The partial shutdown of the U.S. federal government may be over, but federal agencies are still calculating the long-term impact of the shutdown on science and science communication efforts.
Antarctic research projects were early, high-profile victims of the shutdown, with Science reporting Oct. 20 that the National Science Foundation (NSF) is already notifying some researchers that their projects will be delayed by a year.
Researchers can also expect significant delays on grant proposals that have been submitted to research agencies.
“The review of thousands of grants was delayed because of the government shutdown,” says Curtis Carey, acting director of communication at NIH’s National Heart, Lung, and Blood Institute (NHLBI). “It will take months to catch up on those reviews.” [Note: an update on the shutdown’s impact on the Environmental Protection Agency (EPA) has been included below.]
An Oct. 17 letter from NSF Acting Director Cora Marrett to heads of grantee organizations makes clear the extent of the delays, stating “The National Science Foundation is emerging from a 16-day funding lapse that severely limited our ability to conduct our mission to advance the progress of science and engineering. During this time, no proposals were received or distributed for peer review, no review panels were convened, no new awards were made, and no existing awards received payments.”
Marrett also notes that, while NSF staff “are fully committed to restoring normal operations as quickly as possible….it will take some time for us to work through the backlog of activities noted above, resulting in inevitable delays in funding decisions and possible cancellations of other activities.”
In a separate memo to NSF staff, obtained by Science and also dated Oct. 17, Marrett says that the agency will “establish and publish on the NSF website within one week agency-wide policies for proposal deadline extensions and other grant-related actions.”
A subsequent FastLane advisory from NSF, published Oct. 21, states that “deadlines for proposals originally due between October 1-25 will be revised. The revised deadlines will be communicated as soon as possible via FastLane as well as other electronic methods” and “project reports that became overdue during the shutdown should be submitted via Research.gov as soon as possible.” More information on the shutdown’s impact on active grants and grant proposals at NSF is available in this Oct. 18 document. And Jessica Morrison wrote a good overview piece Oct. 21 for National Geographic News, covering a number of federal agencies.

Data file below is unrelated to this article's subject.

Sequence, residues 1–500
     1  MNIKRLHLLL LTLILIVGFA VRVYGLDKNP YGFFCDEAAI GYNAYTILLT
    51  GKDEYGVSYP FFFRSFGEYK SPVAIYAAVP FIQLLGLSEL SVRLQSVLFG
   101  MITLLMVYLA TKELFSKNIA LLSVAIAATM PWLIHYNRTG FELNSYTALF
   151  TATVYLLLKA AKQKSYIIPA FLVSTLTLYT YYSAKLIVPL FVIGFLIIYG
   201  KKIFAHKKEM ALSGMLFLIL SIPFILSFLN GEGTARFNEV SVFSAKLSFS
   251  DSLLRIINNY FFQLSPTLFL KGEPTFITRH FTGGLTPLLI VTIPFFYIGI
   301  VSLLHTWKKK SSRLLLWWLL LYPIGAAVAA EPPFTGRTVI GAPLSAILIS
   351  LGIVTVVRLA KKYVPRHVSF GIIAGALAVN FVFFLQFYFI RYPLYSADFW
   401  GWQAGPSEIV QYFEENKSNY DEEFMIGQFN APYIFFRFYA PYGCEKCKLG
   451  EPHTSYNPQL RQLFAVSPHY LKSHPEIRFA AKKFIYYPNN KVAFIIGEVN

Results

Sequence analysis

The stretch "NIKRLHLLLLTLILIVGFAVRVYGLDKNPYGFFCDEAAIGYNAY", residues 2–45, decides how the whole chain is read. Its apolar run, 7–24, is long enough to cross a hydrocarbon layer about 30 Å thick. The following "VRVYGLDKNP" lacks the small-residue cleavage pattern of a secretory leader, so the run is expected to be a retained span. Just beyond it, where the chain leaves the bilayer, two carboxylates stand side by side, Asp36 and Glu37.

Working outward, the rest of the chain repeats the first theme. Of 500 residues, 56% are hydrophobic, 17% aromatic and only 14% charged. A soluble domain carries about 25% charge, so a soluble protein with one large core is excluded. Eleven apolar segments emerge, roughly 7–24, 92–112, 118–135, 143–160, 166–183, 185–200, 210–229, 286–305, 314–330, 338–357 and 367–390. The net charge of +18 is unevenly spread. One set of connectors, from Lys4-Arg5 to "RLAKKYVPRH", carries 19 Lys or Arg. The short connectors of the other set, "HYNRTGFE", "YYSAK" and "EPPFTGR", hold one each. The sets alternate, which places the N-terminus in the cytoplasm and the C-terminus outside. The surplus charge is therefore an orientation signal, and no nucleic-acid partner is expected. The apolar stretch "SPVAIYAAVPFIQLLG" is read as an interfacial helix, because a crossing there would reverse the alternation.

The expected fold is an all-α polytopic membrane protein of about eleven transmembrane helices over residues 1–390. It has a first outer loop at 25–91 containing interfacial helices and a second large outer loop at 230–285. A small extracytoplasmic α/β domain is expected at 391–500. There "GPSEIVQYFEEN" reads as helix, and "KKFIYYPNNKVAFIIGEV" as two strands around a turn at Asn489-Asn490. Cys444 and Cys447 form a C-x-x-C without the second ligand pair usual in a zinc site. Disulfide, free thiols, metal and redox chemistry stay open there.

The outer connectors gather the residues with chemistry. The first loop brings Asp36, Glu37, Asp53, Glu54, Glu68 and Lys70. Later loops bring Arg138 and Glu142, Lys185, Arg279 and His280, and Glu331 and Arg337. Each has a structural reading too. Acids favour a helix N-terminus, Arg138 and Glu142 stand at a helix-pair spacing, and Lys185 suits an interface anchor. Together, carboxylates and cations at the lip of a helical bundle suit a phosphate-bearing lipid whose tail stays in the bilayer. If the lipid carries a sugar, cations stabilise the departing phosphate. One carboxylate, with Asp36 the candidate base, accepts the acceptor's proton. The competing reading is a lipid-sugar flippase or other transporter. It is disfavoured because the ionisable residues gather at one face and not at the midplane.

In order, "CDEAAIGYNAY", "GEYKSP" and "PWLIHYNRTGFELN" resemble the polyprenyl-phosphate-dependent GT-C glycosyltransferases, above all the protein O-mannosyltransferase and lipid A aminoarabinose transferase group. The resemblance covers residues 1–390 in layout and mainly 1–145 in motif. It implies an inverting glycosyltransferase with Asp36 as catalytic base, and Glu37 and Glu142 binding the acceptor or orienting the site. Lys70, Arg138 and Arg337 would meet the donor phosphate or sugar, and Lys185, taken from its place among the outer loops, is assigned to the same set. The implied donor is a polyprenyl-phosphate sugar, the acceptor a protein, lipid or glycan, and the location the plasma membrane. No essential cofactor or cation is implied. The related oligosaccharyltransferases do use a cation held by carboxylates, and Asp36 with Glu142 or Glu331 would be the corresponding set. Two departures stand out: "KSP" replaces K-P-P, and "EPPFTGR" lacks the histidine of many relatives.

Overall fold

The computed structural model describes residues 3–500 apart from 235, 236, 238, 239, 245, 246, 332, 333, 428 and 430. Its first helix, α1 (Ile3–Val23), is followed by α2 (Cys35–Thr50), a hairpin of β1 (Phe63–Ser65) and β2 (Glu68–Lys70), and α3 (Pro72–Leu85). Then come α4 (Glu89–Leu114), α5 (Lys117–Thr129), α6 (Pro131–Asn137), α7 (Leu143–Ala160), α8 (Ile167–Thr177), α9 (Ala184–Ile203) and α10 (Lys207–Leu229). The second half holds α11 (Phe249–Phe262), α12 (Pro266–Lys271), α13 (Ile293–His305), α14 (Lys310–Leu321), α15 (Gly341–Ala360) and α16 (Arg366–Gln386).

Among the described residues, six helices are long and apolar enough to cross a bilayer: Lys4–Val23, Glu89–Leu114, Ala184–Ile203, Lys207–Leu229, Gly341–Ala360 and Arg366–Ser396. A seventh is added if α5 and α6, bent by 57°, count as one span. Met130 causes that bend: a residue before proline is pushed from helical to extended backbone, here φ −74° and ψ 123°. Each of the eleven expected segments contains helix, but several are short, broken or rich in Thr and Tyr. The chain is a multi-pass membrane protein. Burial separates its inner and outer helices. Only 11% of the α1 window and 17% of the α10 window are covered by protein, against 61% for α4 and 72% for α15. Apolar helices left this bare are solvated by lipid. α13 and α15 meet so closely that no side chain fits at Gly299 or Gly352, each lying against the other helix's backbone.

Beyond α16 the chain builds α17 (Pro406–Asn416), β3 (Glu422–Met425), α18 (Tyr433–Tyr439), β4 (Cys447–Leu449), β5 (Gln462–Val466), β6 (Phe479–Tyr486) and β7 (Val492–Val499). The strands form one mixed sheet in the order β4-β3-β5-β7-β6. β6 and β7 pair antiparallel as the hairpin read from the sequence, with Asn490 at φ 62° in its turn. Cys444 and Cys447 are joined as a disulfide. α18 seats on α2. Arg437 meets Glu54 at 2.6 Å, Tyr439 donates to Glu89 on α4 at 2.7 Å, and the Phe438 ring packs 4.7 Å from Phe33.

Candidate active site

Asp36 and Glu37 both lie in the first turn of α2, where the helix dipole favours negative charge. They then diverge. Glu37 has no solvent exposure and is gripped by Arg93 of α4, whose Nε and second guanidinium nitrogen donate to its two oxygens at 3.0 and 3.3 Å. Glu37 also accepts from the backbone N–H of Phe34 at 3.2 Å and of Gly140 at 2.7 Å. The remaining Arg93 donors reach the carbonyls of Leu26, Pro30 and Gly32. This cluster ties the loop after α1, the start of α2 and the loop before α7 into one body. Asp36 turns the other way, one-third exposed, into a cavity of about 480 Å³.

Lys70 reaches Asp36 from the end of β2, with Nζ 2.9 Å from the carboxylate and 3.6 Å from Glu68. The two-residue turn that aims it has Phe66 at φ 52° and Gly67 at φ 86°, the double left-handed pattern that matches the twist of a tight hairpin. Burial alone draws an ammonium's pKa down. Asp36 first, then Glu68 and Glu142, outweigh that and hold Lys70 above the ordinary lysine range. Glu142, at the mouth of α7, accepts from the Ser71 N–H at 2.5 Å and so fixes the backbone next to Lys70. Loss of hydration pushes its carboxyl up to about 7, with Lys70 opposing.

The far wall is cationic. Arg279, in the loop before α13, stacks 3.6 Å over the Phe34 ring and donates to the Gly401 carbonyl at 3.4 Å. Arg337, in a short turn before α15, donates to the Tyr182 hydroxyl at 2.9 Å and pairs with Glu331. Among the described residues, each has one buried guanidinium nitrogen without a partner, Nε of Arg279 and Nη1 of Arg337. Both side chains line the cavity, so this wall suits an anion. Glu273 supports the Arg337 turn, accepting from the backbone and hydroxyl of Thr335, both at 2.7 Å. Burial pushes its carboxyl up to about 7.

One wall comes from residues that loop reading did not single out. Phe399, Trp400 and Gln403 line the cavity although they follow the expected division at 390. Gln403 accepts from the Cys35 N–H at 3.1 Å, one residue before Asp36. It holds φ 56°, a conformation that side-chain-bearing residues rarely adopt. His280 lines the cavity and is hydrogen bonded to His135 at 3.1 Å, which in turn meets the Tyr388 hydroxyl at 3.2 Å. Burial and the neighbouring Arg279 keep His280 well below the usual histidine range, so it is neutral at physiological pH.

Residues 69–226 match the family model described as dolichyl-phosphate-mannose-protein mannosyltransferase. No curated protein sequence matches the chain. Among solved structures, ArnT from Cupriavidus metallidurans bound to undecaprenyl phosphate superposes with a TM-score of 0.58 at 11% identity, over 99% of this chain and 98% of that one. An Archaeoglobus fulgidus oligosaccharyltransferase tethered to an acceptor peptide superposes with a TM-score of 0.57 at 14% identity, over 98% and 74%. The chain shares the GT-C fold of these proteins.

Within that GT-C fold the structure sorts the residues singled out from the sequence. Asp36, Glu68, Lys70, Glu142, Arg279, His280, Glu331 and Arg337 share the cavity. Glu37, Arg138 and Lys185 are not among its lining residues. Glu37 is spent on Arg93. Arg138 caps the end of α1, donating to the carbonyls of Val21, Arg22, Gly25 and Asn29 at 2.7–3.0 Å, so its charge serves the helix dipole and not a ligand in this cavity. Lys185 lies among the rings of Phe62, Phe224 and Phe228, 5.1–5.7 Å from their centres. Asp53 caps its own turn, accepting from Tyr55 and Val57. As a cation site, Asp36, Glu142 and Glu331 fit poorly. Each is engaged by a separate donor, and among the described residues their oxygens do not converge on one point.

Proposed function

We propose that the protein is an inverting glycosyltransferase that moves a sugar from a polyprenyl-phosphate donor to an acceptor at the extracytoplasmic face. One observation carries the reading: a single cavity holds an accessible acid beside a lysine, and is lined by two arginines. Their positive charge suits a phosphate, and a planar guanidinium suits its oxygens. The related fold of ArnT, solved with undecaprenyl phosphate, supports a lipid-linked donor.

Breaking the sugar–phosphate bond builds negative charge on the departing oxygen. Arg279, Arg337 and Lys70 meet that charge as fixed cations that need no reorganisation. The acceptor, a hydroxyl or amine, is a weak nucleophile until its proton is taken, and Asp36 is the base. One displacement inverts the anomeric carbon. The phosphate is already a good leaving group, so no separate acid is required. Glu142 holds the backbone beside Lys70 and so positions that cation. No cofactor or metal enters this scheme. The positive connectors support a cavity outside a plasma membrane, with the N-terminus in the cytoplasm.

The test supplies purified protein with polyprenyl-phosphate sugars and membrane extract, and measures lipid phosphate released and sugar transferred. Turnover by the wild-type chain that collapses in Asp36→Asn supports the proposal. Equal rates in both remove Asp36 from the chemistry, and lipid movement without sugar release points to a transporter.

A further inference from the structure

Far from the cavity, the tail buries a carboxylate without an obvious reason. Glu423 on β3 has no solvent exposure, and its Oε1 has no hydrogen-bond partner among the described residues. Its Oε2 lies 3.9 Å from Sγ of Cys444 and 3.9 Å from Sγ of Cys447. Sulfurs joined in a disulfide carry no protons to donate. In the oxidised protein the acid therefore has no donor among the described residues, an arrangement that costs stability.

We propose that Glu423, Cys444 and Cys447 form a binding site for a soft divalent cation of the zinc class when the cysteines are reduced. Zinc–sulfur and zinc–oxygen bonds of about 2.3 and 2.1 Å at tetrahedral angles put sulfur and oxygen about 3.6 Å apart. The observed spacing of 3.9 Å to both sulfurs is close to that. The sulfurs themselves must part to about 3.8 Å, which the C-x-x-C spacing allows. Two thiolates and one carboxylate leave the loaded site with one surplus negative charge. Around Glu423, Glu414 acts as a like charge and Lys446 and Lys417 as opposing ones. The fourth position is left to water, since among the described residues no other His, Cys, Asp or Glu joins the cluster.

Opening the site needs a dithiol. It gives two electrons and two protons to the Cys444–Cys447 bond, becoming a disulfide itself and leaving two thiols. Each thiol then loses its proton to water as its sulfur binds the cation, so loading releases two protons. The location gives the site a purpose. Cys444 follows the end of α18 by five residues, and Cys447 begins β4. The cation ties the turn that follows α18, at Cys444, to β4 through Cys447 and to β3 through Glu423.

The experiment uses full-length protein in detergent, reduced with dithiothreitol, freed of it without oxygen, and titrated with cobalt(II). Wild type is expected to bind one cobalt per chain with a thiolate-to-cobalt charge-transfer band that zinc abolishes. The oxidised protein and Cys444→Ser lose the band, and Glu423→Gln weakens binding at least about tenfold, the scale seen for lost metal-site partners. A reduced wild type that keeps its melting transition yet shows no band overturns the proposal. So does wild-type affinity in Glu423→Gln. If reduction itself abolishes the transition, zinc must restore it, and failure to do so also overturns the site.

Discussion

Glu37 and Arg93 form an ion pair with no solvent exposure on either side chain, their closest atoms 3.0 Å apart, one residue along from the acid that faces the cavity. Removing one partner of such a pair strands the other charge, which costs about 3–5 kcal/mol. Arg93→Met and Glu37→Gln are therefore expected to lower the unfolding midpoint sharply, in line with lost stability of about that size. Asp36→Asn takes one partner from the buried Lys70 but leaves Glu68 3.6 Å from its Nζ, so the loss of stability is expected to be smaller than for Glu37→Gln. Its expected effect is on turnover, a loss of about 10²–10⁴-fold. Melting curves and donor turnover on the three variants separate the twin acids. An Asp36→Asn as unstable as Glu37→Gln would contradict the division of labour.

Science Communication Impacts
But research isn’t the shutdown’s only casualty in the science community – science communication efforts have been hampered as well. And the extent of the impact to science communication remains similarly unclear.
Communications staff are back in place at all of the federal agencies. Social media accounts are buzzing again. Online resources that were shuttered, like Science360 and Census.gov, are available again. And the warnings have been removed from other online resources that were affected, such as PubMed.
However, it remains unclear how long it will take some affected sites to bring themselves up to date. For example, we know that PubMed wasn’t being updated during the shutdown. How long will it take for staff to plug in all of the studies that were published while they were on furlough?
And agency communications staff are also working their way through a significant backlog of emails and phone messages that piled up during the shutdown.
“We are assessing how long it will take to catch up on the backlog of public inquiries and publications orders received through our Health Information Center,” says NHLBI’s Carey. “The Health Information Center typically manages approximately 150 inquiries and 250 orders each week.”
But those are issues that can be quantified. Some of the science communication impacts of the shutdown are less susceptible to number crunching.
“The real impact on our office won’t be in the time it takes to resume communications activities,” Carey says. “It will be working to re-engage and reconnect with our core audiences, be it via social media or other channels. Communications is all about relationships, and for two and a half weeks, our staff were not able to nurture those relationships. We will feel the effect of those lost interactions and connections.
“An even bigger issue may be the lost opportunity to share scientific discoveries within the reality of the news cycle,” Carey says. “While there’s no way to quantify this, many of our science communications activities are tied to the release of scientific research in journal articles. In the cases where NHLBI-funded research was published during the shutdown, we have lost the news window to be able to share that information more broadly with the scientific community and the public. Our media outreach efforts to share these discoveries are vital in bringing attention to the important work of our scientists and grantee institutions.”
Update, Oct. 23: “The government shutdown caused an unfortunate disruption in vital EPA services that protect people’s health and the environment,” says Cathy Milbourn, an EPA spokesperson. “EPA employees will work to tackle the three-week backlog on pesticide imports and other services as quickly as possible, however delays are expected in this process. However, other important actions that did not take place during the shutdown, like air, water and hazardous waste inspections, cannot be made up.”
Note: I’ve reached out to communications staff from six federal agencies. I’m still waiting for feedback from most of them, which isn’t surprising given the backlog they’re dealing with. I’ll update this post as additional information comes in.